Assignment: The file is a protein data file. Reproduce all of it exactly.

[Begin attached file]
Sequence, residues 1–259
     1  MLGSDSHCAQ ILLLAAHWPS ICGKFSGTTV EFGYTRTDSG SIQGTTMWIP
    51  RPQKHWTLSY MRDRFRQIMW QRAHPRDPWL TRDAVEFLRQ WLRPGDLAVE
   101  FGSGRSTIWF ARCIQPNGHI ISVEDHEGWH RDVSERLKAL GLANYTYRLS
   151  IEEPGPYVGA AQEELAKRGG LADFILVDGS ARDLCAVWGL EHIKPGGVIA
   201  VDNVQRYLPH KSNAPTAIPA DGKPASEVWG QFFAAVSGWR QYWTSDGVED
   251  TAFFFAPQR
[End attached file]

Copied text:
Sequence, residues 1–259
     1  MLGSDSHCAQ ILLLAAHWPS ICGKFSGTTV EFGYTRTDSG SIQGTTMWIP
    51  RPQKHWTLSY MRDRFRQIMW QRAHPRDPWL TRDAVEFLRQ WLRPGDLAVE
   101  FGSGRSTIWF ARCIQPNGHI ISVEDHEGWH RDVSERLKAL GLANYTYRLS
   151  IEEPGPYVGA AQEELAKRGG LADFILVDGS ARDLCAVWGL EHIKPGGVIA
   201  VDNVQRYLPH KSNAPTAIPA DGKPASEVWG QFFAAVSGWR QYWTSDGVED
   251  TAFFFAPQR